Keepin it Reel: “Black Panther”

“Black Panther” is a film that has received endless praise and acclaim for featuring a diverse cast, as well as building on a character previously established into Marvel’s cinematic universe, which currently consists of 18 films. Although the trend of a superhero origin story seems somewhat outdated and pointless in the comic book obsessed world we are living in, “Black Panther” attempts to tell a different type of origin story and succeeds in countless ways as the film progresses.

Perhaps one of the film’s strongest qualities is the sense of direction. Directed by Ryan Coogler, the 31-year-old has quite the filmography and is no stranger to franchise films. Now, Coogler has jumped to the superhero genre and has delivered a breathtaking, exciting and different experience than what most fans are used to, but in the best way possible.

When it comes to traditional superhero movies, there seems to be a formulaic structure that allows us to kind of pick up on what will happen next in the story. Considering Marvel’s critical and commercial success, the formula is nothing to complain about, but nonetheless sometimes delivers less than stellar films. However, “Black Panther” subverts all expectations and creates a superhero film like none other. Making the bold risk to break formula, the film follows Chadwick Boseman’s T’Challa as he attempts to step forth and take the throne as the ruler of the secret (and well fortified) African nation of Wakanda, following the death of his father in “Captain America: Civil War.” However, when Michael B. Jordan’s Killmonger threatens to expose the nation’s technological advances and tear apart Wakanda from the inside, it is up to T’Challa to step up and become the hero he was destined to become: the Black Panther.

Everything from the film’s cinematography, world-building and action sequences are dazzling, creating an engaging experience from start to finish. Each scene seems to stand out for a different reason, making the film have an identity of its own. But perhaps one of the biggest things that stuck out to me was the original score, which combines African drums and modern cinematic music to create something that flows well with the film. Music isn’t to be taken for granted, and although typical moviegoers might not pick up on it, the score certainly helps drive certain story beats along in grand fashion.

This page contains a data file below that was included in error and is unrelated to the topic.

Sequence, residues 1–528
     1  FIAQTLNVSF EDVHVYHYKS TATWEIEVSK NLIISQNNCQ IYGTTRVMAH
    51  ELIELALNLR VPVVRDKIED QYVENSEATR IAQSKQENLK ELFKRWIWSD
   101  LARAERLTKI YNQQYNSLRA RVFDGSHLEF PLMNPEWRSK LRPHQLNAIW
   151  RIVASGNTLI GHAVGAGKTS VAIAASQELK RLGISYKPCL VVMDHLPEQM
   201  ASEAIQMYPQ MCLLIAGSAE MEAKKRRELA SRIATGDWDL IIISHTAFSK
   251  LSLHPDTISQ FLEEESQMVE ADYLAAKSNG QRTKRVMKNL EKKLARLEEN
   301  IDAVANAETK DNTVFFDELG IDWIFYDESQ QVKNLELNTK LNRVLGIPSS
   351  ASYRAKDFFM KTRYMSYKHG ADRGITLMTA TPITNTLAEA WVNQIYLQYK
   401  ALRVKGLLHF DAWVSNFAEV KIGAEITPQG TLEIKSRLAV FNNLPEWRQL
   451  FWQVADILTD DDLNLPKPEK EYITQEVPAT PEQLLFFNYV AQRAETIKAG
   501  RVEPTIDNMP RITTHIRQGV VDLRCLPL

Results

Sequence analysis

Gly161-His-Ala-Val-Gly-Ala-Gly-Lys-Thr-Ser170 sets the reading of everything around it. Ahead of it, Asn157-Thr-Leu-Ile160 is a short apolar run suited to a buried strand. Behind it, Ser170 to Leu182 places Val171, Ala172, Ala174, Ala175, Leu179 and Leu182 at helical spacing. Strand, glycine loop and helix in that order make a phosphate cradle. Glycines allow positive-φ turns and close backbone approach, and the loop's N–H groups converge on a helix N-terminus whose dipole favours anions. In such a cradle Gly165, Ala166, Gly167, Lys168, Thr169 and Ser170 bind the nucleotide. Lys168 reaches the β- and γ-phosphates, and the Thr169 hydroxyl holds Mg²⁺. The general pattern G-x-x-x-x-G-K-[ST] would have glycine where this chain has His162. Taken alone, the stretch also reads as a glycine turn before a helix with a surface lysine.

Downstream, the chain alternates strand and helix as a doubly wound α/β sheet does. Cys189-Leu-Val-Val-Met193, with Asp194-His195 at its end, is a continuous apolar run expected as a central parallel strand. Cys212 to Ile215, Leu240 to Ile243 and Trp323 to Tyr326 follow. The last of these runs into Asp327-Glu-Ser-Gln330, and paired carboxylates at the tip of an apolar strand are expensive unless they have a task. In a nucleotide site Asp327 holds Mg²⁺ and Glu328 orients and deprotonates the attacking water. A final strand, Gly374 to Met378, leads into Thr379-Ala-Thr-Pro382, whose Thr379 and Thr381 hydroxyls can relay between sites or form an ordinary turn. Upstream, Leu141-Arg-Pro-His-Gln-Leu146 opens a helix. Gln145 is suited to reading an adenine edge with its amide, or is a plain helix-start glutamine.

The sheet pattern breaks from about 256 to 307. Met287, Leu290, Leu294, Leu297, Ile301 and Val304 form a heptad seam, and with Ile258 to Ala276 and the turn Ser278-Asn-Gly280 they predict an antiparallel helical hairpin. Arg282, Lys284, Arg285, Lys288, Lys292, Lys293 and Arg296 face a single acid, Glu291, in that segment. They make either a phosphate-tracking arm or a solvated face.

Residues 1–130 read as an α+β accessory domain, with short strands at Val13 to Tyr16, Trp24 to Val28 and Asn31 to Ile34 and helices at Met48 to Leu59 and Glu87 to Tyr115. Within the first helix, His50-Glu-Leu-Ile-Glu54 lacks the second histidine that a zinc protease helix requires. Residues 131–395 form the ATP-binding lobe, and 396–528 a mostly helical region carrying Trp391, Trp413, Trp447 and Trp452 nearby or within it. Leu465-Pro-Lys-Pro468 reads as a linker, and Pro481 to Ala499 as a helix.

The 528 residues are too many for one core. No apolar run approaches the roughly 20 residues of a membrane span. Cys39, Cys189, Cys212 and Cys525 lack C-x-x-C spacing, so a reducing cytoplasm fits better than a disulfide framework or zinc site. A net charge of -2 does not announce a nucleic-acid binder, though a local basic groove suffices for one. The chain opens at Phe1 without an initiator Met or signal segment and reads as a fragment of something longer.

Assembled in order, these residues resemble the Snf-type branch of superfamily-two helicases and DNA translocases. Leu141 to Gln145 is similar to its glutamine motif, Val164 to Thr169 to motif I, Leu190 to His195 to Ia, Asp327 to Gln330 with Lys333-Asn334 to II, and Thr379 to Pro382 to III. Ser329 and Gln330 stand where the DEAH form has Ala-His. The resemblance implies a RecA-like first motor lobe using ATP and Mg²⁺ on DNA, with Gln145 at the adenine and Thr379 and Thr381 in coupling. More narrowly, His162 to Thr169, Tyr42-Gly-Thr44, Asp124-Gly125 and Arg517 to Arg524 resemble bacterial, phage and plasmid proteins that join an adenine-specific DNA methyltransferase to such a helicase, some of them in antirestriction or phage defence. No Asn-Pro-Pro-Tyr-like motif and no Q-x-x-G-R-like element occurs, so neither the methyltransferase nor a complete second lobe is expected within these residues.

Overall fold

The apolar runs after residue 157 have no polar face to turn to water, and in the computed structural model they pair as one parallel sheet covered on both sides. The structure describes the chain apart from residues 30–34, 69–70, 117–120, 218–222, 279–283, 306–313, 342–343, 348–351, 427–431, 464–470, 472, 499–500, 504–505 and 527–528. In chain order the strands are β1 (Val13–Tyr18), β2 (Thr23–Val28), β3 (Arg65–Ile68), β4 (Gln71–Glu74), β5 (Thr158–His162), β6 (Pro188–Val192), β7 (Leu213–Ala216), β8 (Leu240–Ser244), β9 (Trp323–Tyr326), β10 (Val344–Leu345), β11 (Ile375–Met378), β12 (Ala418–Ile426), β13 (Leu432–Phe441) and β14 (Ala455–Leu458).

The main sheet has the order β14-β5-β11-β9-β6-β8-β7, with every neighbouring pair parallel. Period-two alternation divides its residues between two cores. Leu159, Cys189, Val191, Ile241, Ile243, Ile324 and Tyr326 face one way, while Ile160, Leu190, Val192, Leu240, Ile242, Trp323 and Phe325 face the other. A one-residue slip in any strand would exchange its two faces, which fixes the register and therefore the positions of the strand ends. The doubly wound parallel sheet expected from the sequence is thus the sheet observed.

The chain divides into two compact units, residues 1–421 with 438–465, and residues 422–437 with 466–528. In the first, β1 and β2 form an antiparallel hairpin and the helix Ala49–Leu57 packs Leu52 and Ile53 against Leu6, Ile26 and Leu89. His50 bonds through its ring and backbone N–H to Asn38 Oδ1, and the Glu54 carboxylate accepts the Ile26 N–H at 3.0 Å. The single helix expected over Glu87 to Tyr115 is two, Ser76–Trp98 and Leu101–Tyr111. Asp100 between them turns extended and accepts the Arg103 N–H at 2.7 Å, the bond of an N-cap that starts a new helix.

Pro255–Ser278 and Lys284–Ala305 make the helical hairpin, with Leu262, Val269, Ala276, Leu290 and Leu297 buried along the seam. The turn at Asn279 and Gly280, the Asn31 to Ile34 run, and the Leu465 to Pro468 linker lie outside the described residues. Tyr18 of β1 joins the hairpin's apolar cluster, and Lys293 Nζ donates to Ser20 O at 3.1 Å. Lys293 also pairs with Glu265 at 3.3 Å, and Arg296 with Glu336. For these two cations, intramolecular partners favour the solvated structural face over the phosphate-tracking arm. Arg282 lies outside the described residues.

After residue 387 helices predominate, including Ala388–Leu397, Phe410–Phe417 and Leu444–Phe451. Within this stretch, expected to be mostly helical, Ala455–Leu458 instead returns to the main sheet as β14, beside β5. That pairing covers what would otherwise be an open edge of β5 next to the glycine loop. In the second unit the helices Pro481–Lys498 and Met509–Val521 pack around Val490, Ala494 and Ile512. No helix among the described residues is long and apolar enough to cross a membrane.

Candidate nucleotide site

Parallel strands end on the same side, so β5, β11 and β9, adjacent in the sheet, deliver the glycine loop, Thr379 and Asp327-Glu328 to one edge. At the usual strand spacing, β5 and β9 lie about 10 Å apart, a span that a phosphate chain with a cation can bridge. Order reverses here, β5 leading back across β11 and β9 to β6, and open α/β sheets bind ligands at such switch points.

Every single performance in the film is honestly phenomenal, which results in the characters themselves being incredibly strong and emotionally charged. You really want T’Challa to succeed, but not because he’s the hero we’re automatically supposed to cheer on. Essentially, the character’s struggle between wanting to rule the nation and also protect it as the Black Panther creates an internal struggle that’s just as captivating as the villain tearing the nation apart. Jordan’s Killmonger is one of the best villains in any comic book film of recent years and is possibly the best villain thus far out of Marvel’s 18 other films. How Jordan expresses a mix of modern politics and pure rage is astounding, resulting in his character being one of the best parts of the film. The best kinds of villains in cinema and literature are the ones that have purpose, priority and relatability, all of which Jordan’s Killmonger shares.

Although the film’s main protagonist and antagonist shine, even the smaller characters are developed and have purpose. Lupita Nyong’o and Letitia Wright are both fantastic to watch as their characters, Nakia and Shuri, respectively. Despite being side characters, they add a lot of humor to a tense situation, which allows the audience to have moments to catch their breath after various trials T’Challa has to face.

My only real complaint with “Black Panther” is that some of the film’s visual effects and computer-generated imagery seem to be unfinished. The effects were not always that great and sometimes took me out of important moments due to everything feeling fake for a certain amount of time. But overall, “Black Panther” is an achievement for both the superhero genre and for cinema. This is a film I recommend for countless reasons. You don’t want to miss out on this one.